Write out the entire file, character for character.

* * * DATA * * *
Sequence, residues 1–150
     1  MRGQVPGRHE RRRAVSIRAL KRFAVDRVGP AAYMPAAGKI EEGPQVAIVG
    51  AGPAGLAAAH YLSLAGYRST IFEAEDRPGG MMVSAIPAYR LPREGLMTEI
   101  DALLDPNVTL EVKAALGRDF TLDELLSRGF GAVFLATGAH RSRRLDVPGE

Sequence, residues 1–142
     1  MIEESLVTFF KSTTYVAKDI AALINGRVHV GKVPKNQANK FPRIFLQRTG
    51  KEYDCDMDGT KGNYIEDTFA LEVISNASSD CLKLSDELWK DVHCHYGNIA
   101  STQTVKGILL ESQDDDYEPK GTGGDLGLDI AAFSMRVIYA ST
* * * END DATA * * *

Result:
Sequence, residues 1–150
     1  MRGQVPGRHE RRRAVSIRAL KRFAVDRVGP AAYMPAAGKI EEGPQVAIVG
    51  AGPAGLAAAH YLSLAGYRST IFEAEDRPGG MMVSAIPAYR LPREGLMTEI
   101  DALLDPNVTL EVKAALGRDF TLDELLSRGF GAVFLATGAH RSRRLDVPGE

Sequence, residues 1–142
     1  MIEESLVTFF KSTTYVAKDI AALINGRVHV GKVPKNQANK FPRIFLQRTG
    51  KEYDCDMDGT KGNYIEDTFA LEVISNASSD CLKLSDELWK DVHCHYGNIA
   101  STQTVKGILL ESQDDDYEPK GTGGDLGLDI AAFSMRVIYA ST